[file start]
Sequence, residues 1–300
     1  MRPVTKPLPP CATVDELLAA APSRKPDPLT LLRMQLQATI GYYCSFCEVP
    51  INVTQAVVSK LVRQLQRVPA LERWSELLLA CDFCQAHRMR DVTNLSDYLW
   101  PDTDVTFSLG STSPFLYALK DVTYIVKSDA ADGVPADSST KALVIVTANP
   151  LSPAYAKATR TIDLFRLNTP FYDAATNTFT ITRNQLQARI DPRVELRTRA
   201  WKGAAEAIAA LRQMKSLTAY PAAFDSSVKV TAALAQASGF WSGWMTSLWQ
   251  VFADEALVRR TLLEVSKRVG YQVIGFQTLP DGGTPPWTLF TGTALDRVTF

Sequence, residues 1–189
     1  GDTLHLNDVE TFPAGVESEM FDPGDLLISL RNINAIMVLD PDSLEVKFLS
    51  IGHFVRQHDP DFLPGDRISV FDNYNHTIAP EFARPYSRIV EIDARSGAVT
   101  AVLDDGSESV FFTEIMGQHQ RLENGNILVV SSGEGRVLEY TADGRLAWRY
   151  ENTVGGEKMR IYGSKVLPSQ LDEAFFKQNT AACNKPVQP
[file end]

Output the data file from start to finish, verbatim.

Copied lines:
Sequence, residues 1–300
     1  MRPVTKPLPP CATVDELLAA APSRKPDPLT LLRMQLQATI GYYCSFCEVP
    51  INVTQAVVSK LVRQLQRVPA LERWSELLLA CDFCQAHRMR DVTNLSDYLW
   101  PDTDVTFSLG STSPFLYALK DVTYIVKSDA ADGVPADSST KALVIVTANP
   151  LSPAYAKATR TIDLFRLNTP FYDAATNTFT ITRNQLQARI DPRVELRTRA
   201  WKGAAEAIAA LRQMKSLTAY PAAFDSSVKV TAALAQASGF WSGWMTSLWQ
   251  VFADEALVRR TLLEVSKRVG YQVIGFQTLP DGGTPPWTLF TGTALDRVTF

Sequence, residues 1–189
     1  GDTLHLNDVE TFPAGVESEM FDPGDLLISL RNINAIMVLD PDSLEVKFLS
    51  IGHFVRQHDP DFLPGDRISV FDNYNHTIAP EFARPYSRIV EIDARSGAVT
   101  AVLDDGSESV FFTEIMGQHQ RLENGNILVV SSGEGRVLEY TADGRLAWRY
   151  ENTVGGEKMR IYGSKVLPSQ LDEAFFKQNT AACNKPVQP